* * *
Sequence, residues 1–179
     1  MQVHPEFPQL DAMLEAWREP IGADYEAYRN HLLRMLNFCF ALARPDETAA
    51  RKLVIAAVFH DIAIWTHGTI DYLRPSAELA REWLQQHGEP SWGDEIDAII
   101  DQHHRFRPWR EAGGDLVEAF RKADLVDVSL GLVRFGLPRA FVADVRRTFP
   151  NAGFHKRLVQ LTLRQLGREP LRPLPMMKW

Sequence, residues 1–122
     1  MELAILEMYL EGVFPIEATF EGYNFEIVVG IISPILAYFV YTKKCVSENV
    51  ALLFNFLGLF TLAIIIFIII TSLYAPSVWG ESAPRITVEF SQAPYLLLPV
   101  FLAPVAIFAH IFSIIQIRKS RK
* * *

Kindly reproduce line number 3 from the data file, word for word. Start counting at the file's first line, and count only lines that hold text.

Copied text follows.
    51  RKLVIAAVFH DIAIWTHGTI DYLRPSAELA REWLQQHGEP SWGDEIDAII